Valve’s Steam Deck is a gaming PC designed to be held in your hands. But if you want to use it for desktop-style gaming, you can always connect an external display, keyboard, mouse, or other hardware. And the company plans to begin selling an official Steam Deck Dock later this spring that will make it easy to hook up accessories. Now it looks like Valve may have given the dock’s USB ports a bit of an upgrade ahead of launch.

Steam Deck Dock diagram

Valve still hasn’t announced how much the dock will cost or exactly when you’ll be able to buy it.

Meanwhile, in other tech news, after Google made it difficult for Android apps to record phone calls, some developers turned to using Android’s Accessibility features for call recorder apps. But Google has been cracking down on the use of Accessibility APIs for functions that aren’t related to, you know, accessibility. And in a few weeks, that could bring about the end of call recording apps distributed via the Play Store.

Here’s a roundup of recent tech news from around the web.

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  1. I still think of operating systems’ purpose as the facilitation of access to computers’ resources as opposed to marketing or other corporate purposes — that developers would move to make any given operating system harder to use or less capable over time is perverse.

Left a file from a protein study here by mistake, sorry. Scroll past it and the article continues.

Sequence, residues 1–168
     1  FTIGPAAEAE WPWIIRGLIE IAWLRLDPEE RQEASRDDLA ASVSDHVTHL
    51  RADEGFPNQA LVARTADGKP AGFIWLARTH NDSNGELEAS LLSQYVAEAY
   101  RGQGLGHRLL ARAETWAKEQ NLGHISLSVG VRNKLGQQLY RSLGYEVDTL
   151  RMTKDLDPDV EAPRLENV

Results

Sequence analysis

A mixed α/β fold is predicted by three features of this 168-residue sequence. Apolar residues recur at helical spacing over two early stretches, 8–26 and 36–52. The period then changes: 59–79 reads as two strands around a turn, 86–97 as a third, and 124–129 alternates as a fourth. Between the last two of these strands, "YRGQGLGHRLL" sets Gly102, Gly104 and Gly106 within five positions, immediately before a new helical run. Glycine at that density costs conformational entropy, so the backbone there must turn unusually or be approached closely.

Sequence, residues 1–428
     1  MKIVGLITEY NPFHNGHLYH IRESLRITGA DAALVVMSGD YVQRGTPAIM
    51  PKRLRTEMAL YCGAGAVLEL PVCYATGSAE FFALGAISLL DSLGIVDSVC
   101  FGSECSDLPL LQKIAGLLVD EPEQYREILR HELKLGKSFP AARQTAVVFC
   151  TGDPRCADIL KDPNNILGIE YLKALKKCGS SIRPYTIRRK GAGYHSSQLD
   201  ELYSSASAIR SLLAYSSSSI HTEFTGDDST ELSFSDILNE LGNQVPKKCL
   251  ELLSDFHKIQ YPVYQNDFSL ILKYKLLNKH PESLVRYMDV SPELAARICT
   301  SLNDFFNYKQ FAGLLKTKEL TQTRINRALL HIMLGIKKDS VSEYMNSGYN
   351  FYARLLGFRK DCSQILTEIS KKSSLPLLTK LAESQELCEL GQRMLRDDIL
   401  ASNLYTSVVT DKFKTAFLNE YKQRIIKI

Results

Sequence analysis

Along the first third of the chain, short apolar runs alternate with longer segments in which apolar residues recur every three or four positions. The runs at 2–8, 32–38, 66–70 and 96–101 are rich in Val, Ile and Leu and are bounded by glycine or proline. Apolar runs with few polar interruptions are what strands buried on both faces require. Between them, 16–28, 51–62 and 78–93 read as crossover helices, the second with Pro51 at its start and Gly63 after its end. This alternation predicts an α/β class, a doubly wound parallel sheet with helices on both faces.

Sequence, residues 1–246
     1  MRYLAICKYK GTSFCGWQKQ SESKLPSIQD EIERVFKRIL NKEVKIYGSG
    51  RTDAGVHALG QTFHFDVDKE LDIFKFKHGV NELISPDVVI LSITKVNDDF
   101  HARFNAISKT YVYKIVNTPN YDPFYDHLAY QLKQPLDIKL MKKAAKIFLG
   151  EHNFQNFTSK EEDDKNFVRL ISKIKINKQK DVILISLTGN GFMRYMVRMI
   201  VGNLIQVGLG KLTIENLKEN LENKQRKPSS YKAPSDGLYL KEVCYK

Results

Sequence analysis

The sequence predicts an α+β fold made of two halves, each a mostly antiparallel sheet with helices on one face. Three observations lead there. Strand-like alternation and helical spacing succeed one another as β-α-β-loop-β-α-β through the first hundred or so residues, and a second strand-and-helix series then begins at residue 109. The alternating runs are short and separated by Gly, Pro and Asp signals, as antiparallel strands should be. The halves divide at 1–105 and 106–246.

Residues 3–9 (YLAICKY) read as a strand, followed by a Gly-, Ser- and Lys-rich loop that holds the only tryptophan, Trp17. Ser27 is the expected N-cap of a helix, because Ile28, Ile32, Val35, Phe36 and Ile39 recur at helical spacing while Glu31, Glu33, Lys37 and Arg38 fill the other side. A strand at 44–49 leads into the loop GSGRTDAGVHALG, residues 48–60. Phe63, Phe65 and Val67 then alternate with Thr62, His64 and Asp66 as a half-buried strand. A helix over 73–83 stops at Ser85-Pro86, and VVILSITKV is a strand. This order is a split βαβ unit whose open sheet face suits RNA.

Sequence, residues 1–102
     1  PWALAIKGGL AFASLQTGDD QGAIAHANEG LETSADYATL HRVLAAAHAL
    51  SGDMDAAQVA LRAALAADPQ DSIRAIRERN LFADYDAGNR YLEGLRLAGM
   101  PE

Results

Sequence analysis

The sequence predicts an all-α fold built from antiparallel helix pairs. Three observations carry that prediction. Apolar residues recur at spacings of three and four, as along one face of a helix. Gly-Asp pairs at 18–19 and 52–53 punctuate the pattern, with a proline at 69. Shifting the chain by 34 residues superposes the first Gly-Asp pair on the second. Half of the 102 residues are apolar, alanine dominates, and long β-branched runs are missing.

2. Can anyone give an idea of how the Steam Deck would perform being plugged in? I tend to play videogames on the couch, but I do travel fairly regularly for work. Given that it’s the same price essentially as a new Xbox and I have a fairly modern Android phone (with a razr esque set sticks), would I get better quality image on my 4K screen vs the Xbox ONE from the Steam Deck?

    I assume that the Xbox would be quite far infront of the Steam Deck and I live in London, UK so lucky enough to have very good internet connection. But I’m sure I haven’t grasped the full idea, son if anyone can give me some guidance that’d be great!

    Cheers,
    Glyn

    1. For what it’s worth, here’s a playlist (not mine) of games mostly played at 1080p/60 fps on a docked Steam Deck, although Ninja Gaiden Sigma 2 is said to be at 1440p and Ninja Gaiden Sigma/Ninja Gaiden 3 are said to be at 4K: https://www.youtube.com/playlist?list=PLcp8mDDzivRW0LAeUhswBzkf_7Nc2J0F8

      Note that the Steam Deck does not behave like the Switch in underclocking when handheld and undoing that when plugged in; one of its designers Greg Coomer was quoted by PC Gamer as saying that “we felt that it was actually better all things considered to not modify based on docked status or mobile status”, that the performance goals were aimed for handheld mode, and “we chose like a threshold where the machine will run well, and with a good frame rate with AAA games in that scenario. We didn’t really feel like we should target also going after the dock scenario at higher resolutions. We wanted a simpler design target and to prioritize that.” (https://www.pcgamer.com/steam-deck-dock-performance/)